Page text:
The Russian founder of the now-defunct Bitzlato cryptocurrency exchange has pleaded guilty, nearly 11 months after he was arrested in Miami earlier this year.
Anatoly Legkodymov (aka Anatolii Legkodymov, Gandalf, and Tolik), according to the U.S. Justice Department, admitted to operating an unlicensed money-transmitting business that enabled other criminal actors to launder their illicit proceeds. He faces up to five years in prison.
"Legkodymov operated a cryptocurrency exchange that was open for business to money launderers and other criminals," said Acting Assistant Attorney General Nicole M. Argentieri of the Justice Department's Criminal Division.
"He profited from catering to criminals, and now he must pay the price. Transacting in cryptocurrency does not put you beyond the reach of the law."
Bitzlato, which served as a safe haven for fraudsters and ransomware crews such as Conti, is estimated to have received $2.5 billion in cryptocurrency between 2019 and 2023, more than half of which originated from illegal and risky sources.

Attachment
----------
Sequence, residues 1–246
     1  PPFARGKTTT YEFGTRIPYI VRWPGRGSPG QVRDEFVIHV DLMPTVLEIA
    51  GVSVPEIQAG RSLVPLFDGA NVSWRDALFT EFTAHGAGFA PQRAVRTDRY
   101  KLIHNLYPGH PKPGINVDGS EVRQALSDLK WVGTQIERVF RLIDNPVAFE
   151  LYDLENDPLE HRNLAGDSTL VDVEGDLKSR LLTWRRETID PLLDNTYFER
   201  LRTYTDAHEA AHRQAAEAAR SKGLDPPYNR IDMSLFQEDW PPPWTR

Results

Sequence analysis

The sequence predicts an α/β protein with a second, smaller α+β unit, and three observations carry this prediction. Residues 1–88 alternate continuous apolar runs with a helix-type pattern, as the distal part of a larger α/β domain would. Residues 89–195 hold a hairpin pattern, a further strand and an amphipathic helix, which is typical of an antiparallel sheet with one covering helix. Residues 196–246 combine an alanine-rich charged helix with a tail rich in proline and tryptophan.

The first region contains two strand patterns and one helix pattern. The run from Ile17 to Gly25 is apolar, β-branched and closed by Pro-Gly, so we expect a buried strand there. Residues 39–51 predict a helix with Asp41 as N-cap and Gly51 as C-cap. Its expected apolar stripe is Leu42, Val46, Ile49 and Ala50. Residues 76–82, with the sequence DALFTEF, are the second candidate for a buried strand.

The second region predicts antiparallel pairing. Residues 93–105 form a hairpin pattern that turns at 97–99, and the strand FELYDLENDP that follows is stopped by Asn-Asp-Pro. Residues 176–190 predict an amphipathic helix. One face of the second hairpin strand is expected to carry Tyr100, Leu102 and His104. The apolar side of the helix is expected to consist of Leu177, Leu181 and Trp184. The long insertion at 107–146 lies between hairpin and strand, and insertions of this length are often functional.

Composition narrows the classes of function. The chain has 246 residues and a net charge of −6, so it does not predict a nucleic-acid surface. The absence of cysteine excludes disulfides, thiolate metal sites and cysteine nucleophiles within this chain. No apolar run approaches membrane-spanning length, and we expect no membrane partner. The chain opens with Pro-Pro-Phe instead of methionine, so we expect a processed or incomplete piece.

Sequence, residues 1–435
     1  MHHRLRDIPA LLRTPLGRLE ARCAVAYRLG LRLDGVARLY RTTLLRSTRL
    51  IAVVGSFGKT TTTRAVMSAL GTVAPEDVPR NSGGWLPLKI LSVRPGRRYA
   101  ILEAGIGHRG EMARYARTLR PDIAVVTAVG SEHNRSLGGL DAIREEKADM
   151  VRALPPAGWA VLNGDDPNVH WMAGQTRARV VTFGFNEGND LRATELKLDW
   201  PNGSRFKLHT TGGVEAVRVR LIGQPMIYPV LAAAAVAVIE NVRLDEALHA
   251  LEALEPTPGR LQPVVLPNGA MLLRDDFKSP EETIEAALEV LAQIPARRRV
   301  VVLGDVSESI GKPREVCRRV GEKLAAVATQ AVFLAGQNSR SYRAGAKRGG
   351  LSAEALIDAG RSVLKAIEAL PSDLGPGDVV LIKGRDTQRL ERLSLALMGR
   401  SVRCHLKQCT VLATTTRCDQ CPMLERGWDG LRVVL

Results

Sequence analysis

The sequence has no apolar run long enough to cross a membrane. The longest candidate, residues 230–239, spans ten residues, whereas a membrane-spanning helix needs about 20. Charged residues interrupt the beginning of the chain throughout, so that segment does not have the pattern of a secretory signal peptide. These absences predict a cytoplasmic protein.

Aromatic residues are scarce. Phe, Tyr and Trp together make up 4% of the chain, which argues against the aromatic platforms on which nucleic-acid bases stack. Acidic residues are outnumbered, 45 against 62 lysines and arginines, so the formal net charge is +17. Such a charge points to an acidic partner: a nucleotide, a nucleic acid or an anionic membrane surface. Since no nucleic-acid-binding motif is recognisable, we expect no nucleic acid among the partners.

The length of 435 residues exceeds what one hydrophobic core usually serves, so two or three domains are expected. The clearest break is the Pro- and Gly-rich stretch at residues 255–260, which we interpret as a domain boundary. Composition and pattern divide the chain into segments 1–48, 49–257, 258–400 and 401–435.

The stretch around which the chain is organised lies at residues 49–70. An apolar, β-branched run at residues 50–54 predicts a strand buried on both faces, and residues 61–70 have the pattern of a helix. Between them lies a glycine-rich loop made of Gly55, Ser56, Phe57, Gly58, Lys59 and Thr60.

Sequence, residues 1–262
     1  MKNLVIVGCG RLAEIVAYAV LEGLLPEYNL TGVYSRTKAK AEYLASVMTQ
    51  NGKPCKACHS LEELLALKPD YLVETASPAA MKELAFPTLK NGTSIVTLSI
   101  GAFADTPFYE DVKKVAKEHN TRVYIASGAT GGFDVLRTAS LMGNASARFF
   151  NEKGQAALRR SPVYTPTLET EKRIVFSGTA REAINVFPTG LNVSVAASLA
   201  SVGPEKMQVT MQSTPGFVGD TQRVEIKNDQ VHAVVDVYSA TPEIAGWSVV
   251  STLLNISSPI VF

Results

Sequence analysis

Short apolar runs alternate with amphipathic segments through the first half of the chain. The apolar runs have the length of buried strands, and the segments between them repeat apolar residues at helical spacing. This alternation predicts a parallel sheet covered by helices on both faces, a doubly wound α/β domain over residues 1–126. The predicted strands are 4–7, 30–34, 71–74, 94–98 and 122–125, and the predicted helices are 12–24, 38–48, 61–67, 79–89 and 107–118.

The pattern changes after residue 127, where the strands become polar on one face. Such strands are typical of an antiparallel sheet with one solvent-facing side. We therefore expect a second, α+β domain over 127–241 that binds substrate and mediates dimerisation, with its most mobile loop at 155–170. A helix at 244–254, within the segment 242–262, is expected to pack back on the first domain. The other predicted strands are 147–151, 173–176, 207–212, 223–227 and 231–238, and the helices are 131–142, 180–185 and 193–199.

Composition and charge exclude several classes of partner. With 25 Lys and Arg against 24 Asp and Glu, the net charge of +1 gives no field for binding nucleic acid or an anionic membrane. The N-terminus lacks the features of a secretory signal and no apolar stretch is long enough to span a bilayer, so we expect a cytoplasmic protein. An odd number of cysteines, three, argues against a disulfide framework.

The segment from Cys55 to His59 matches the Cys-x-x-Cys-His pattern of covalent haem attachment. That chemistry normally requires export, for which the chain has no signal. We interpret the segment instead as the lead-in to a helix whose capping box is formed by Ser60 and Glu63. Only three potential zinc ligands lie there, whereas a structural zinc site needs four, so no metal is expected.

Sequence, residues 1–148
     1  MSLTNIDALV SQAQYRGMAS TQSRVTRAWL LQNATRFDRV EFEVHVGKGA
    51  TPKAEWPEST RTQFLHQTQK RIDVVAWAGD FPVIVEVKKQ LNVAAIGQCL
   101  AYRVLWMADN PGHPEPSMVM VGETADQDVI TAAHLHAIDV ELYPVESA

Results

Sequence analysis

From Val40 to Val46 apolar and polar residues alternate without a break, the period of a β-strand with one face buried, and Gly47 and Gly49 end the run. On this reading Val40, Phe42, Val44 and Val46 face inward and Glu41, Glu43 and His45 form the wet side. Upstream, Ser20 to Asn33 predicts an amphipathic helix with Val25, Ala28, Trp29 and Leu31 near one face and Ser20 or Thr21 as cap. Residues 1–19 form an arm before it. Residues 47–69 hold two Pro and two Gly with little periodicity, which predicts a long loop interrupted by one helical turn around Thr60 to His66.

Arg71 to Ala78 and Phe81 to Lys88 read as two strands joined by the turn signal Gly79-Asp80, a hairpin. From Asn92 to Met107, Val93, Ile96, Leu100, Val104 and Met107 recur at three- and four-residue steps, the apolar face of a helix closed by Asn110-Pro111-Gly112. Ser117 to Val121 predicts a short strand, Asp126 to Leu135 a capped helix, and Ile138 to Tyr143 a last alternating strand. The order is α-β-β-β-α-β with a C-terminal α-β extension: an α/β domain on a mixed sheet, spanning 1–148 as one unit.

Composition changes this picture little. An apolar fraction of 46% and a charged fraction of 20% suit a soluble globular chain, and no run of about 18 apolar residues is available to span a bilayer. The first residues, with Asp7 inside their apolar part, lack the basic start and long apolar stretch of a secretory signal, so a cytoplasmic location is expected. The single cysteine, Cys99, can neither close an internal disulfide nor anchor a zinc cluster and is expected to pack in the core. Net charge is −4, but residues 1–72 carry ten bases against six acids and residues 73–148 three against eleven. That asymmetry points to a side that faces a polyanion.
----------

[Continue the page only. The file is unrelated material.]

Prior to its takedown by law enforcement, the Hong Kong-registered exchange also drew attention for its lax know-your-customer (KYC) procedures and marketed itself as a platform that required only minimal identifying information from its users. Some of its users are believed to have registered accounts using stolen identity documents.
The Justice Department also singled out the Hydra darknet marketplace as Bizlato's largest counterparty in cryptocurrency transactions, with the former's users exchanging no less than $700 million worth of digital assets with the exchange.
Hydra was the world's largest and longest-running dark web marketplace for narcotics, stolen financial information, fraudulent identification documents, and money laundering services. It was dismantled by German and U.S. authorities in April 2022.
"Legkodymov's guilty plea today confirms that he was well aware that Bitzlato, his cryptocurrency exchange, was being used like an open turnstile by criminals eager to take advantage of his lax controls over illicit money transactions," said U.S. Attorney Breon Peace for the Eastern District of New York.